Disclaimer: Yep, Paramount owns 'em. They don't own the creative content of this story. Neener, neener.
Author's note: This is the first in the Intermission series. The Intermission series is excerpts from a TOS episode, from the POV of one or more of the main characters. Harmless, really. I swear. Thanks to my betas PernFancy and Islaofhope, and thanks also to Diane Duane for her magnificent work with the Rihannsu of The Romulan Way
Rating: PG, TOS
Summary: The scene from "Balance of Terror" when the Romulan Commander is first seen. Told from Spock's POV
Intermission 1: My Father's Reflection
The Romulan's face wore my father's reflection.
I have heard, from one or another of my human crewmates, of the legend of the doppelganger, the exact, ghostly reflection of a living man. I had previously believed it to be another example of human illogic. If I believed it then, I no longer believe it now. Marked by lines of care and hardship which were never there on my father's face, the Romulan's face is still my father's.
The bridge crew stares at me, perhaps a distant relative of an enemy. Their emotions crash over and through me, and I know the fear and the mistrust. I was always an alien among them, but now I am that much closer to being the enemy. Styles, for one, believes that I am by association a spy. I meet his eyes and stare him down. I have earned my place here; if I am no longer my father's son, I am also not his reflection's spy.
Only Uhura and the captain act with anything like their usual professionalism. Her hand brushes mine as she hands me the tape of the Romulan transmission. I can tell she is uncertain, nervous with questions that she will not ask. Questions for which I do, and do not have, the answer.
How should I tell them of the Sundering? The Sundered were a legend of my childhood, a people who left us rather than stop the ceaseless fighting and brutality that was Vulcan before Surak. My father help to negotiate the peace treaty that ended the Romulan War; I cannot believe he did not have his suspicions as to their identity. The Lost, we called them, preferring not to find them. But they have been found, and now they hunt this ship.
I watch the captain even as he watches me, and the viewscreen. His questions I will answer, for now we stand poised on the brink of war again. I know from the glint in his eyes that there will be a reckoning, that he will have his answers.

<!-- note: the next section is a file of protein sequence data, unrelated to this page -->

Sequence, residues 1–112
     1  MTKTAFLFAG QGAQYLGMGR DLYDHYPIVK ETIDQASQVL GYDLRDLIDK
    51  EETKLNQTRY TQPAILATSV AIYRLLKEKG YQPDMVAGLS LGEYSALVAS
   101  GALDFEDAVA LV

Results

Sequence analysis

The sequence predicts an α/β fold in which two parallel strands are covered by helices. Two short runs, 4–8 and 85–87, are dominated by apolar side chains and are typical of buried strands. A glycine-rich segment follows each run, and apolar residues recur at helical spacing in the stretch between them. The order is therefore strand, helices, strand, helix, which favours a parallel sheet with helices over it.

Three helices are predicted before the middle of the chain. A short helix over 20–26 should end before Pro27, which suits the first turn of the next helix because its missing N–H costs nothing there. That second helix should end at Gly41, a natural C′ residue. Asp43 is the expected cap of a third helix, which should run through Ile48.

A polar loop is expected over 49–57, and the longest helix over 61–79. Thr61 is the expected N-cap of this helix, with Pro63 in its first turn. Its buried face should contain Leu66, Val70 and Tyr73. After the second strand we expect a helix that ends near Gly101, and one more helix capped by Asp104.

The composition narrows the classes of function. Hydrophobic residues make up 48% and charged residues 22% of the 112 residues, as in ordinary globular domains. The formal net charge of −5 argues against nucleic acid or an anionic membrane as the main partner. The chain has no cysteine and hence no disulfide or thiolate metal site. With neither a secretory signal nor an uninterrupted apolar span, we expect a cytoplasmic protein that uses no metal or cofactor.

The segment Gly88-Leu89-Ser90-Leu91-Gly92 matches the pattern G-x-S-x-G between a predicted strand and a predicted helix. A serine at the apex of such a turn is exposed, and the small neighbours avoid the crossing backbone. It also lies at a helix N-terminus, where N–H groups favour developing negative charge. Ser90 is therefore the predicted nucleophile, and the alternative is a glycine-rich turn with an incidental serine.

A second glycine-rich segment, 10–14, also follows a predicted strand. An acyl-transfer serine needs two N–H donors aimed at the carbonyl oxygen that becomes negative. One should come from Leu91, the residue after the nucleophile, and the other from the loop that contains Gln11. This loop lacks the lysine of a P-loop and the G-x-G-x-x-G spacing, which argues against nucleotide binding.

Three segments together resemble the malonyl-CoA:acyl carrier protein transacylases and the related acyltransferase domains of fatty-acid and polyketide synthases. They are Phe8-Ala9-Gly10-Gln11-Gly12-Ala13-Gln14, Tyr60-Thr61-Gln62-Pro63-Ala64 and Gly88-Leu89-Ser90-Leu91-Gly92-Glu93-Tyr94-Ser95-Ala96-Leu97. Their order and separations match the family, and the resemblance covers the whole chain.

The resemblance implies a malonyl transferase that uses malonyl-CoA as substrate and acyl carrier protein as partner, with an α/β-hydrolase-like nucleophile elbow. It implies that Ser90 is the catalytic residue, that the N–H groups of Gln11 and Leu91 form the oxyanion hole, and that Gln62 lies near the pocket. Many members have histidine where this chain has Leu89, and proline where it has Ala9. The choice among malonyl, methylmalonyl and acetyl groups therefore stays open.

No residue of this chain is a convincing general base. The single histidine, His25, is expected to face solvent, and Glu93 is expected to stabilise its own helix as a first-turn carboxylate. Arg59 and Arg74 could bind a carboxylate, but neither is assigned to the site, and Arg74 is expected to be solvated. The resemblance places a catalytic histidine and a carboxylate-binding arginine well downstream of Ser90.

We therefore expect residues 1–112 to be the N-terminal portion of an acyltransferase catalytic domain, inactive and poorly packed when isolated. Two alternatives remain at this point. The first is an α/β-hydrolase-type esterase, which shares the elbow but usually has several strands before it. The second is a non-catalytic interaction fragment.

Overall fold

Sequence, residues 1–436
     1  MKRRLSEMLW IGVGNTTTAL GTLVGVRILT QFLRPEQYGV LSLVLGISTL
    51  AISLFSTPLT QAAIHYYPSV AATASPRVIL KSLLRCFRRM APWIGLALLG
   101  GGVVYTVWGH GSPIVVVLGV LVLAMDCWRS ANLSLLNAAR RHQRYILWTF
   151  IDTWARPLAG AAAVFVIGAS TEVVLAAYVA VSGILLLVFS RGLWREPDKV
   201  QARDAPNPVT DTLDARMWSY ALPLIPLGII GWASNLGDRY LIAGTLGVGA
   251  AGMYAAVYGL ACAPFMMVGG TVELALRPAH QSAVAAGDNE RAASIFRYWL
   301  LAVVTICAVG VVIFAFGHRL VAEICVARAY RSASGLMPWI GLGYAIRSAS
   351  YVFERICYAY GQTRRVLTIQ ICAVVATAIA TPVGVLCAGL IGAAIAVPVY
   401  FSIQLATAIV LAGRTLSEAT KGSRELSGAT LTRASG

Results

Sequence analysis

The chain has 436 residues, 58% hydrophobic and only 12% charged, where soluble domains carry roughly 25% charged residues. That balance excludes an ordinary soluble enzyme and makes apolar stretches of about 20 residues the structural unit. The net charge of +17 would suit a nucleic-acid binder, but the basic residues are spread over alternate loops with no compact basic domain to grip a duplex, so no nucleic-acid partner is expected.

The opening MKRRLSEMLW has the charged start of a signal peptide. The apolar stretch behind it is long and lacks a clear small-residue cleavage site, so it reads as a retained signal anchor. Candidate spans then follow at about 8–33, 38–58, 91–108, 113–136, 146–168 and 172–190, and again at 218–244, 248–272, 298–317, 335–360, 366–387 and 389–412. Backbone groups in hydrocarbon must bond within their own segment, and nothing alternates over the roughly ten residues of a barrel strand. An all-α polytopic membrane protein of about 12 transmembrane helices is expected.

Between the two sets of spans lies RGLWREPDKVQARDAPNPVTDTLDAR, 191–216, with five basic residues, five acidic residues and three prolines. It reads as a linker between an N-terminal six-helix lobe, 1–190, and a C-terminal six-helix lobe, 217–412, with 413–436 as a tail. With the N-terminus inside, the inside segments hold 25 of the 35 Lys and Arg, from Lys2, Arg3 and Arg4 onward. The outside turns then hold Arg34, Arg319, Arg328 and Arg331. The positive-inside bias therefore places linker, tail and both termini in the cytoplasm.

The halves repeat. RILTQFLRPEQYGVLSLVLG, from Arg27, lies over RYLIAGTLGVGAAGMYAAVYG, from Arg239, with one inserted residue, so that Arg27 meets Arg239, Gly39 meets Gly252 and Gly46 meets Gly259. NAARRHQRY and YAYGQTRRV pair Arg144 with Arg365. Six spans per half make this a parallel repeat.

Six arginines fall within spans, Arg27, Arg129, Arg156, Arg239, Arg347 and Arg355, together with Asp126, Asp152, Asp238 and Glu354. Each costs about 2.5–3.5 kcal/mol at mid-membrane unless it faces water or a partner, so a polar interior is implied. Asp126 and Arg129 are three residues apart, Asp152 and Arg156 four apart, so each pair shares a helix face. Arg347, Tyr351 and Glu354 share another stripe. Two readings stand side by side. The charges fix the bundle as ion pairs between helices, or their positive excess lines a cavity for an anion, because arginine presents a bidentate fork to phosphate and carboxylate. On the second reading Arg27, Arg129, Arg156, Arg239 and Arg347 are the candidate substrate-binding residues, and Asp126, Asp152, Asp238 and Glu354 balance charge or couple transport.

The briefing has ended. We attack, to prevent a war. It was my counsel which argued for it, and the shame of that, a Vulcan arguing the necessity of violence, hits me at some deep level. But I am a Starfleet officer as well, and I know that if we show weakness, it will be the death of us. The Sundered will fight with the fierce skill in battle that is a part of our shared heritage, and they will never stop.
Styles alleged that I was withholding information, and this is partially true. I have not mentioned the Sundered, but I have admitted the kinship between us. The captain stops me as everyone else leaves for their battlestations. "What was that about, on the bridge?" he asks.
I feel shame again, that my emotional response was so obvious. But perhaps it was not; the captain is most perceptive for a human. "The Rihannsu commander closely resembled a relative of mine." Unthinking, I have used the name they called themselves when the Sundered still lived among us. Rihannsu, the Declared.
"Rihannsu, not Romulan?" he asks, a commander searching for every bit of tactical information.
I raise an eyebrow. "They were never Romulans, Captain."
He nods briefly. "What else do you know?"
And so I tell him what I could not say in the briefing. I tell him of the Sundered, of our own warrior ways long kept in check. I could not say all this in the briefing, for even to say as much as I have violates several of our most closely held traditions. But this man, this captain, understands the relevance of what I say. He folds his arms. "Thank you for your trust, Mr. Spock. Rest assured that I value it."
It is over. The Rihannsu commander destroyed himself and his ship rather than be captured. For now, the risk of war has lessened. We are back on patrol, and the debriefing on this incident is scheduled for tomorrow.
I am haunted, illogically, by the waste I saw in that cramped little bridge. The Rihannsu commander did not want the war he was assigned to start; I know it as clearly as if he had spoken. And now the Lost are found once again, but at what cost?
While he spoke to the captain through the smoke and the haze, the viewscreen was open both ways. For an instant, his eyes met mine, and I could see the shock there. He was my father's reflection; did I resemble his son?